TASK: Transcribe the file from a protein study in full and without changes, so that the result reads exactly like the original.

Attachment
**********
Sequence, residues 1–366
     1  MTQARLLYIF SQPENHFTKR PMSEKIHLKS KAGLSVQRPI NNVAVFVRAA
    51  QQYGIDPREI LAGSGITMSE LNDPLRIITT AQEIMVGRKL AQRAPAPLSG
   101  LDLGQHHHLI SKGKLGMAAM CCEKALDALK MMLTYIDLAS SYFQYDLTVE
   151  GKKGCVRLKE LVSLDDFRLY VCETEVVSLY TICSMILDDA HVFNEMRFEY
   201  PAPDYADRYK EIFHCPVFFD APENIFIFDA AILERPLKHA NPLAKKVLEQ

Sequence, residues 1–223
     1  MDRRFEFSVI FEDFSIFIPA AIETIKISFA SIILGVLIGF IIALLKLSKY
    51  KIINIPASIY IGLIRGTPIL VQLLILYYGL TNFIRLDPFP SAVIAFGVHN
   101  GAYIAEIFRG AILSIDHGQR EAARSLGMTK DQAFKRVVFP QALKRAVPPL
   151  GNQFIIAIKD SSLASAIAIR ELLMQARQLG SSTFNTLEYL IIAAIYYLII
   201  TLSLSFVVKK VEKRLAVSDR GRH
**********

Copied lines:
Sequence, residues 1–366
     1  MTQARLLYIF SQPENHFTKR PMSEKIHLKS KAGLSVQRPI NNVAVFVRAA
    51  QQYGIDPREI LAGSGITMSE LNDPLRIITT AQEIMVGRKL AQRAPAPLSG
   101  LDLGQHHHLI SKGKLGMAAM CCEKALDALK MMLTYIDLAS SYFQYDLTVE
   151  GKKGCVRLKE LVSLDDFRLY VCETEVVSLY TICSMILDDA HVFNEMRFEY
   201  PAPDYADRYK EIFHCPVFFD APENIFIFDA AILERPLKHA NPLAKKVLEQ

Sequence, residues 1–223
     1  MDRRFEFSVI FEDFSIFIPA AIETIKISFA SIILGVLIGF IIALLKLSKY
    51  KIINIPASIY IGLIRGTPIL VQLLILYYGL TNFIRLDPFP SAVIAFGVHN
   101  GAYIAEIFRG AILSIDHGQR EAARSLGMTK DQAFKRVVFP QALKRAVPPL
   151  GNQFIIAIKD SSLASAIAIR ELLMQARQLG SSTFNTLEYL IIAAIYYLII
   201  TLSLSFVVKK VEKRLAVSDR GRH